Rosendin Electric Inc., San Jose, Calif., is starting its 10th decade in business, now as the second-largest U.S. electrical contractor. But it’s still pushing into new market sectors and regions and refining corporate processes to compete in the post-recession economy.

Alternative energy is a growing niche but has felt impacts of the recession.
Photo: Rosendin Electric Inc.
Alternative energy is a growing niche but has felt impacts of the recession.

While nearly half the firm’s $893 million in 2008 revenue is in general building, it has read the tea leaves to move into more recession-resistant niches such as health care and mission critical data centers as well as more complex arenas with fewer competitors, such as transportation and renewable energy. Rosendin has the multimillion-dollar electrical contract for a $2.4-billion third terminal at McCarran Airport in Las Vegas, set to finish in 2012. But even with the firm’s success, it has not been immune from market slowdowns.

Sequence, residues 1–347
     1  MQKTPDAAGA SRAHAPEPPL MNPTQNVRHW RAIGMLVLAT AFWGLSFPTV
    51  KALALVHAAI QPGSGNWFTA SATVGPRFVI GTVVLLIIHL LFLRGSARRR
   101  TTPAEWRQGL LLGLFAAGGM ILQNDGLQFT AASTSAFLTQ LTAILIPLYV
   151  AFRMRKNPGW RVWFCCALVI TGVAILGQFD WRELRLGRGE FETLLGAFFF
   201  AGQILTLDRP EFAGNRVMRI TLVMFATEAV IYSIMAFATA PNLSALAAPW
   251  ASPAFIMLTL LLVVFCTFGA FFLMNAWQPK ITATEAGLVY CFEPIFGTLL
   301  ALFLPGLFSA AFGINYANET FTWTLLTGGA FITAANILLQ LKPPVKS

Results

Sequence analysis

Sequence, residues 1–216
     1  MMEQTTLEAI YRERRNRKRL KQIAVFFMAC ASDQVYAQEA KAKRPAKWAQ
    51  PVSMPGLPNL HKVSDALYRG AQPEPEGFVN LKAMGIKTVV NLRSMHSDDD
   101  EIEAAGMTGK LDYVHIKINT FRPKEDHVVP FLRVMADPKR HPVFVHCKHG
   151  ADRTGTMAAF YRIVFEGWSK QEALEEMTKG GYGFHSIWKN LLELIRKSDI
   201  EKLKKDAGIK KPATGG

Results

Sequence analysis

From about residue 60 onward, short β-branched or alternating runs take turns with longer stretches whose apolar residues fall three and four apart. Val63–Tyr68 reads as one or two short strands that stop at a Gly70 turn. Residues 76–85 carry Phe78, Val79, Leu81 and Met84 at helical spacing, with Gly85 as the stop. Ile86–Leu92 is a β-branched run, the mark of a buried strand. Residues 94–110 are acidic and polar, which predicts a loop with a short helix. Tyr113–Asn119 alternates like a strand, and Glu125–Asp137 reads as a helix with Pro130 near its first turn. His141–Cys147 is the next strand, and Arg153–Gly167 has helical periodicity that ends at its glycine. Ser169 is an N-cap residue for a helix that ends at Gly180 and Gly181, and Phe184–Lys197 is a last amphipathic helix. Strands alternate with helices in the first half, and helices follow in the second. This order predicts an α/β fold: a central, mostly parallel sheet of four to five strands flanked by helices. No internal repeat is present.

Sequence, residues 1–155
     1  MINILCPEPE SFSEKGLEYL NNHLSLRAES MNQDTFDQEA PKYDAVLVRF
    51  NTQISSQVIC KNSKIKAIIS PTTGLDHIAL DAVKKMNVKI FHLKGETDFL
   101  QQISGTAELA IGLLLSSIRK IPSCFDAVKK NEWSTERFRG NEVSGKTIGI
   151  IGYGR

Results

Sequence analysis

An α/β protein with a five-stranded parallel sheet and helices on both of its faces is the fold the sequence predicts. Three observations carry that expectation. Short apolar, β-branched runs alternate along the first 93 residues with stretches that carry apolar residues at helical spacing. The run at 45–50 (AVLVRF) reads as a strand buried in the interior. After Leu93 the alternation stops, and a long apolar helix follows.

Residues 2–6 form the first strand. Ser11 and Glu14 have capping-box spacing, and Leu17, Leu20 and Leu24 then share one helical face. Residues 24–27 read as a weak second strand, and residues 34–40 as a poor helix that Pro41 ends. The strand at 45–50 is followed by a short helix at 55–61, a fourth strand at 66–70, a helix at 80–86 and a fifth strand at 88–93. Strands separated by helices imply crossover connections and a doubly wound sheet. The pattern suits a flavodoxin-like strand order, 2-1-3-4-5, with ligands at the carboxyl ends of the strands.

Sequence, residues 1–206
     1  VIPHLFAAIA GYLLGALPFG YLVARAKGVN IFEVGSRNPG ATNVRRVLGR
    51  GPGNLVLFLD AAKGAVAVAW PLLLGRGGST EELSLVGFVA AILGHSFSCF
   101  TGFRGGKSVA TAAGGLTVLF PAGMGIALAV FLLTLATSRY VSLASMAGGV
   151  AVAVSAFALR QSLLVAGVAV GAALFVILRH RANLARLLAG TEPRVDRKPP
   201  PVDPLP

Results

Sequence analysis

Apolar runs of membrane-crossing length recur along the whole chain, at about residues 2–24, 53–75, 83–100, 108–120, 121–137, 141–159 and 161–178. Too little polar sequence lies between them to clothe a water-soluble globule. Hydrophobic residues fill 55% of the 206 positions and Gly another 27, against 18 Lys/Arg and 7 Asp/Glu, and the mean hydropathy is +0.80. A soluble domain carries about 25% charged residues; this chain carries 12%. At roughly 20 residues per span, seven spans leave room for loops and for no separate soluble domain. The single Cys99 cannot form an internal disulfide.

“Some markets seem to have new life in the last two months, but last year the spigot was turned off on many projects,” says Executive Vice President James N. Hawk. “We are going where the work is, so there are different competitors that we haven’t faced before. We always traveled, but it’s more important now than ever before.” For the first time, Rosendin is eyeing major work for federal and military customers, such as for the U.S. Navy on the Pacific island of Guam. “If we could build hospitals in California, with all of its regulatory complexity, we are well suited for federal work no matter where,” he says. “But we’re still competing for the $5-million jobs, and that subjects us to all the market’s hyper-competitiveness.”

Hawk says the firm is “clearing out all the barriers,” beefing up its attention to bid-estimate reviews and project pre-planning, pushing new levels of employee collaboration and project manager responsibility and looking for cost-savings and productivity improvements such as task simplification and greater use of prefabrication. “We have to have measurables we can track,” says Hawk. “We’re not just telling people to work harder and faster.”